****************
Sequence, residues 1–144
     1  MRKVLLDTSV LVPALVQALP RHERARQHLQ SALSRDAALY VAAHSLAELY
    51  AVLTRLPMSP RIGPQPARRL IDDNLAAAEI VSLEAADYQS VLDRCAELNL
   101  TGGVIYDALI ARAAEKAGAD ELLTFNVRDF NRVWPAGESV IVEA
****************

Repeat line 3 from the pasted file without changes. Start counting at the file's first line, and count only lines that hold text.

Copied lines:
    51  AVLTRLPMSP RIGPQPARRL IDDNLAAAEI VSLEAADYQS VLDRCAELNL